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UNISON joins BMA in opposing Health Bill

25 August 2011

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UNISON, the UK’s largest union, called for the government’s Health and Social Care Bill to be scrapped yesterday (24 August 2011).

The public sector union, which represents more than 1.3 million workers, said the “lethal cocktail of economic uncertainty, spiralling waiting lists and budget deficits means now is the worst possible time to bring in a major, untried and untested reorganisation.”

The union has previously criticised aspects of the Health Bill, but it now joins a backlash against NHS reforms in England with the British Medical Association (BMA) also calling for the Health Bill to be withdrawn.

Christina McAnea, Head of Health for UNISON, said: 

”If the Health and Social Care Bill goes ahead, the outlook for the NHS and patients looks bleak.

“The government’s polices have already led to NHS patients waiting longer, often in great pain, for their operations.

 The Bill will make matters worse by taking the cap off the number of private patients that hospitals are allowed to treat.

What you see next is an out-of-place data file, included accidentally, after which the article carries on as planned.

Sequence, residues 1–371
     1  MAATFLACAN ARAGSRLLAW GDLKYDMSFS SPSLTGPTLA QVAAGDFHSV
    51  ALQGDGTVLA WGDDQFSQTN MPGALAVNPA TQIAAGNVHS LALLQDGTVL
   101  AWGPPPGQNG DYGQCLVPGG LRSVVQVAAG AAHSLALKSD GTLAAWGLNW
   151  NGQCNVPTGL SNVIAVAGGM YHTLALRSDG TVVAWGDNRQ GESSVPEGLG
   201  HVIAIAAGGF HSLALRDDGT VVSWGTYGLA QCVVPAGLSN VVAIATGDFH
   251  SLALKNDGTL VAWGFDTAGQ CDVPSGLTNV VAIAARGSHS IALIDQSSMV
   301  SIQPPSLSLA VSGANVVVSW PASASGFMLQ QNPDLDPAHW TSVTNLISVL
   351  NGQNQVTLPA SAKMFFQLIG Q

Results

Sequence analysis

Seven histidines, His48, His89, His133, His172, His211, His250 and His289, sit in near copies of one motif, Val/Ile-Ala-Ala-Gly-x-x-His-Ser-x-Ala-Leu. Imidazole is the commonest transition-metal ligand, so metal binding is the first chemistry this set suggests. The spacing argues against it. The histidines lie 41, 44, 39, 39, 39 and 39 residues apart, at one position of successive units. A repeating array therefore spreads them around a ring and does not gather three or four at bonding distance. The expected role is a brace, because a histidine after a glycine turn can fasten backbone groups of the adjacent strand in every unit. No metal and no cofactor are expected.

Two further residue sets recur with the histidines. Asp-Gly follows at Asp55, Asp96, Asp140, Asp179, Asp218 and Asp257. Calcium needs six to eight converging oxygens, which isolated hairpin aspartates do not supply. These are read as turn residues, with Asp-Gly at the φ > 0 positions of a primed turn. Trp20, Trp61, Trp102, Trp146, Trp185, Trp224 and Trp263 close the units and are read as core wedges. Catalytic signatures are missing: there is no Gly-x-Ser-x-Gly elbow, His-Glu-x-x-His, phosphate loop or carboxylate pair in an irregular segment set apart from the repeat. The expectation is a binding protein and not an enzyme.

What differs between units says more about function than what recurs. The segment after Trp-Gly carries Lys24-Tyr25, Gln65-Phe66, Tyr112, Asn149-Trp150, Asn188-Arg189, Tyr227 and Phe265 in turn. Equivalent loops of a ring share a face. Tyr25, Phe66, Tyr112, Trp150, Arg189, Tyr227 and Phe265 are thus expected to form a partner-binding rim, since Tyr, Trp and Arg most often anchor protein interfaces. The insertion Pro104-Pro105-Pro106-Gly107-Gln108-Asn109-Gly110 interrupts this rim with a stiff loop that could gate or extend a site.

“It will be an enormous temptation for cash-strapped hospitals to boost their income by prioritising paying patients, pushing NHS patients even further down the ever-spiralling waiting lists.


“Now is not the time to bring in this massive, damaging NHS reorganisation.”

Unions are also set to discuss the possibility of the first ever NHS-wide walkout if government negotiations over pension reform collapse.

Ms McAnea admitted to the Financial Times that a meeting involving “strike action logistics” would happen should ongoing pension talks fail.

And she also told The Guardian: “There has never been full-scale industrial action in the health service. This is the first time all the groups have come together to talk about it. Industrial action in the NHS could be massive.”

Unions representing doctors, nurses, midwives, hospital administers and cleaners are due to meet at UNISON’s London headquarters on Thursday.

Pension reform talks between union leaders and government ministers are scheduled to last until October.

Your comments (terms and conditions apply):

“Stability is the most important aspect to be considered at present. As ever, nothing has been thought through by the government and the last one was a prime example! Who in their right mind would encourage patients to generate massive amounts of non-essential activity by introducing walk-in centres?! Strike action should never be an option, however, only patients would lose…” – John King, Cleveland